Last week I wrote about the doctrine of “inevitable disclosure” as it relates to the Defend Trade Secrets Act of 2016 (DTSA), the statute that created a general, private cause of action for trade secret misappropriation under federal law.
The Defend Trade Secrets Act (DTSA) was enacted a year ago, on May 11, 2016.
The Defend Trade Secrets Act of 2016 (DTSA) amended the Espionage Act of 1996 to provide a federal private right of action for trade secret misappropriation.
DTSA enforcement continues to primarily focus on charges against former employees who join a competitor.
The Defend Trade Secrets Act (DTSA) includes an new provision added to the Economic Espionage Act (EEA) that, depending upon how it is interpreted, may govern how district courts handle trade secret information in all cases.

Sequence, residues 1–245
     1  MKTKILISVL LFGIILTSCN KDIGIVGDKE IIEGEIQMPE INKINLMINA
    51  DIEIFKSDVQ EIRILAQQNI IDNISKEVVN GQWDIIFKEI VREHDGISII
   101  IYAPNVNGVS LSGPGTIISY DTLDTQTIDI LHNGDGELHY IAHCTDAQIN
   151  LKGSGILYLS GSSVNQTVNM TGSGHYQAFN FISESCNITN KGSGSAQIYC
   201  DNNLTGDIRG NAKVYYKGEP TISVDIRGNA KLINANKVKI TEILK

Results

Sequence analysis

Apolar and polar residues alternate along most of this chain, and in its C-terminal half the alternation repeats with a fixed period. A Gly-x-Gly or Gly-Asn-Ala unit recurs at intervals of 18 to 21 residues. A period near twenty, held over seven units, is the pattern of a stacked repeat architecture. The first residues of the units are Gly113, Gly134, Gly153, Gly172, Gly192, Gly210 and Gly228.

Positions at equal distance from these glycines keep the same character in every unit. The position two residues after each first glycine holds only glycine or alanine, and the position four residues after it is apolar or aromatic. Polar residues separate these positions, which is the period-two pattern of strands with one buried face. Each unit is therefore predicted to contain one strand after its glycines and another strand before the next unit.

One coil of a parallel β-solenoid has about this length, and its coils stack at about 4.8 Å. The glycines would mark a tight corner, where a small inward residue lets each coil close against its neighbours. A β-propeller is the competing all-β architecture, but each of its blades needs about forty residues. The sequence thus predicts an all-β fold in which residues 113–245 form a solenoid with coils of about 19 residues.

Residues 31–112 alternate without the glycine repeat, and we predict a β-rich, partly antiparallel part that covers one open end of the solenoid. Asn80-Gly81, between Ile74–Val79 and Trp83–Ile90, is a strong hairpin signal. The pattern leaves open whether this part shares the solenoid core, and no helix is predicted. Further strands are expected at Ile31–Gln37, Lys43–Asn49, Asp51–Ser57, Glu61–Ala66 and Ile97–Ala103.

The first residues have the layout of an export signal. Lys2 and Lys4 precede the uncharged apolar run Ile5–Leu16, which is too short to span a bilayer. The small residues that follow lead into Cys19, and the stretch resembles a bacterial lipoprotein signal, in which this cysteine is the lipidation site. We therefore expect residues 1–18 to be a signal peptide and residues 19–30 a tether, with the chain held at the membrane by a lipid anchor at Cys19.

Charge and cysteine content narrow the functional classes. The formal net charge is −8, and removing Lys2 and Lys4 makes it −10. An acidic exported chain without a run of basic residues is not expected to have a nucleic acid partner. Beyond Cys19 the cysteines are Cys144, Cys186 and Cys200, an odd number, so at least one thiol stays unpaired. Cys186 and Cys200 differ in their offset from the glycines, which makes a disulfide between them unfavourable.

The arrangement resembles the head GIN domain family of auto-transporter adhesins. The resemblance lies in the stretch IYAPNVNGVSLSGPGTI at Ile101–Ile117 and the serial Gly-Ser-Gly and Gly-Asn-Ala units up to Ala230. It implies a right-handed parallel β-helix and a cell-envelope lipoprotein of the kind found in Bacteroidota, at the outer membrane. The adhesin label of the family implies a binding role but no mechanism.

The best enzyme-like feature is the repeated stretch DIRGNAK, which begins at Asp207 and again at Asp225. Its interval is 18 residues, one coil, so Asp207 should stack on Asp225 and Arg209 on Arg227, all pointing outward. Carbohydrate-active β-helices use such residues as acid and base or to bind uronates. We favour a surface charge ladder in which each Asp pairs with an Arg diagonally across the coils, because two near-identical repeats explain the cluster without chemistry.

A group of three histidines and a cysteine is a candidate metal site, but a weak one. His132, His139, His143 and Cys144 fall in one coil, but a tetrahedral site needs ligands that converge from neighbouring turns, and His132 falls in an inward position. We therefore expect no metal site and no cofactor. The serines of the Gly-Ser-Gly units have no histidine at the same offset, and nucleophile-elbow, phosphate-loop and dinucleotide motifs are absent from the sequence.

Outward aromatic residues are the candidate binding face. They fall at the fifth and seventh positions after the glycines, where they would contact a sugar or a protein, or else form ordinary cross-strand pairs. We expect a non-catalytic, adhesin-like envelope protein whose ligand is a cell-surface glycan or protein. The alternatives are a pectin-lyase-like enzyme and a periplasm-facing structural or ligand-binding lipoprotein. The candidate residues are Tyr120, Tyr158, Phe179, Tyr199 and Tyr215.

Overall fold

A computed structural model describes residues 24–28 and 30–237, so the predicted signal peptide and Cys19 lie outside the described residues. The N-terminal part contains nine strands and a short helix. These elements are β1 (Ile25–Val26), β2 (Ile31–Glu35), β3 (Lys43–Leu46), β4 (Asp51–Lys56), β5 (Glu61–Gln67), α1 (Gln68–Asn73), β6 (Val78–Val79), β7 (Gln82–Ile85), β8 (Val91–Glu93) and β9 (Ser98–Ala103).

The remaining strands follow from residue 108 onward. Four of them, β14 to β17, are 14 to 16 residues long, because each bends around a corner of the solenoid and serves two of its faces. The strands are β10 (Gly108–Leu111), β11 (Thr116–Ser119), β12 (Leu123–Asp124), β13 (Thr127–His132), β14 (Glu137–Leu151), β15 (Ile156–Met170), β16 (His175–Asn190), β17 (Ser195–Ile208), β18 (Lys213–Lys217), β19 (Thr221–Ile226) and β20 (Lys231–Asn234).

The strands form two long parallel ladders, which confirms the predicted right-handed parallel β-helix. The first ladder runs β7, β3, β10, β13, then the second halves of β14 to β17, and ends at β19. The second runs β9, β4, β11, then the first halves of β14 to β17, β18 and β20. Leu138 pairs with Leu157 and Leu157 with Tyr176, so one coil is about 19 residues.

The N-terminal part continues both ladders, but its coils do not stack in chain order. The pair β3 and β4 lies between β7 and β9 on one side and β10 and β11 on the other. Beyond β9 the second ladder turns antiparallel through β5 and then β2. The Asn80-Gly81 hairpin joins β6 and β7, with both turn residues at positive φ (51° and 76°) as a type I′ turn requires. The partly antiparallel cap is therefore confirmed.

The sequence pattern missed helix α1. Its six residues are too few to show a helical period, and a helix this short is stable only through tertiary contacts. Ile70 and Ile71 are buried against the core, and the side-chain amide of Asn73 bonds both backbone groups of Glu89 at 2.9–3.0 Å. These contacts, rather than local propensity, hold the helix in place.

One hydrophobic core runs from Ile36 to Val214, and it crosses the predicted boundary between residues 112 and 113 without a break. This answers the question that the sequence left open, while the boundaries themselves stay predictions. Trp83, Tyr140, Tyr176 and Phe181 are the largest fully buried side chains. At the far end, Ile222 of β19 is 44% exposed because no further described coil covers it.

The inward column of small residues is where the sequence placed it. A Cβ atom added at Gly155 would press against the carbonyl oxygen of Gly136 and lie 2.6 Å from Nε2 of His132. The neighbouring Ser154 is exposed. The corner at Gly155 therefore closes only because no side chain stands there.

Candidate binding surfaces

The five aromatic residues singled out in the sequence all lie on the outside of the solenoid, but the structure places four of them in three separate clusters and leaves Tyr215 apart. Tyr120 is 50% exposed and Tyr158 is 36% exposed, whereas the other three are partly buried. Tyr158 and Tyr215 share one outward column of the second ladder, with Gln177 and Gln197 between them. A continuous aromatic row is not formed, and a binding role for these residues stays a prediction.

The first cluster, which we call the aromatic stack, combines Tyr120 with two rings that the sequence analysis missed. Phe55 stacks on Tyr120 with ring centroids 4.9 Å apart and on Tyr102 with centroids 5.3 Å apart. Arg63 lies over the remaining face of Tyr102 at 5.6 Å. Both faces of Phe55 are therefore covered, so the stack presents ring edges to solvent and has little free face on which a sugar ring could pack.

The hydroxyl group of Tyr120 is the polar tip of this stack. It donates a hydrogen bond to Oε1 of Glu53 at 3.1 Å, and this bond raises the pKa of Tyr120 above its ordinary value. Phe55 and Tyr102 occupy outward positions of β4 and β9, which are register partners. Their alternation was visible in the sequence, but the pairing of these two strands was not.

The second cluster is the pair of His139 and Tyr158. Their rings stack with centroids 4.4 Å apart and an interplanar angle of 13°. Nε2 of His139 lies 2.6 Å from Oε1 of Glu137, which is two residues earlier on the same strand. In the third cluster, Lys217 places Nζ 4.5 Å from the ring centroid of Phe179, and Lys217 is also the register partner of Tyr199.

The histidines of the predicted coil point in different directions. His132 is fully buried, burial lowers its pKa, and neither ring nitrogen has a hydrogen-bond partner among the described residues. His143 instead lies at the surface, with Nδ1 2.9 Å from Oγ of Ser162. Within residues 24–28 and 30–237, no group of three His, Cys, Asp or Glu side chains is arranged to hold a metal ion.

The DTSA includes a requirement that a court "may not authorize or direct the disclosure of any information the owner asserts to be a trade secret" without first allowing an under-seal submission of a description of the confidential interest.